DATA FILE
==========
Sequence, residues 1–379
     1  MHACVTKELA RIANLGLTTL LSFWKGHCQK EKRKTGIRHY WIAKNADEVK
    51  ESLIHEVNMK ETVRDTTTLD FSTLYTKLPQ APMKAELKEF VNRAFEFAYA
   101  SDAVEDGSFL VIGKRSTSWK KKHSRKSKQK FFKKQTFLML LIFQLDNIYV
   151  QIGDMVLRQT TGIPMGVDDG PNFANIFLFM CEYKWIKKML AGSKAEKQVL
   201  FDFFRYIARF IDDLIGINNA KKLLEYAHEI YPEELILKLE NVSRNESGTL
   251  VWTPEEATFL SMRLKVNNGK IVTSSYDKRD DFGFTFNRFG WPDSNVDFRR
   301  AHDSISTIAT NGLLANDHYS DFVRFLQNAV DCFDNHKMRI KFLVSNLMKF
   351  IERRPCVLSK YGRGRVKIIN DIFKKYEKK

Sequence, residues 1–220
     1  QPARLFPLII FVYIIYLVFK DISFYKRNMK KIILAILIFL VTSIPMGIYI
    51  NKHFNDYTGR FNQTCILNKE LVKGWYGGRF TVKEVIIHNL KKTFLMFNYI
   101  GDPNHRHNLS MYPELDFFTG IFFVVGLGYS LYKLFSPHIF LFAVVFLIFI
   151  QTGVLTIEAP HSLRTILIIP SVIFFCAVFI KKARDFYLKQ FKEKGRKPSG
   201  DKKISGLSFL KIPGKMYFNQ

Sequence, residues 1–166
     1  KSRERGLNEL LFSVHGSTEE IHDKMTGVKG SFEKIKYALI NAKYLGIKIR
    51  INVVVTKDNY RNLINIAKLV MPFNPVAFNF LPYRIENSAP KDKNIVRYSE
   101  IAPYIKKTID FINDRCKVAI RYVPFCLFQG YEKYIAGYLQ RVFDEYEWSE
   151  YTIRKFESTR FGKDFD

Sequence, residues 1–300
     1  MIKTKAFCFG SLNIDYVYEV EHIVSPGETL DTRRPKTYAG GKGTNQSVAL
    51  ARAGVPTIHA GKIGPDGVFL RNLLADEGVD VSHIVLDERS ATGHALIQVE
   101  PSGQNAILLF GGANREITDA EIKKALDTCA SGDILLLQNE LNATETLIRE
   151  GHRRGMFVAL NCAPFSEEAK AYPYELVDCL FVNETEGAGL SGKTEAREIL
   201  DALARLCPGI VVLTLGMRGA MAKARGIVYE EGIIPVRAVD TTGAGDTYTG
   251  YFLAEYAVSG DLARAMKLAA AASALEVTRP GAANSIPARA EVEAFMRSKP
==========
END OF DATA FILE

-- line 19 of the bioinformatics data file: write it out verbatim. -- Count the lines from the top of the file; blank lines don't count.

   101  IAPYIKKTID FINDRCKVAI RYVPFCLFQG YEKYIAGYLQ RVFDEYEWSE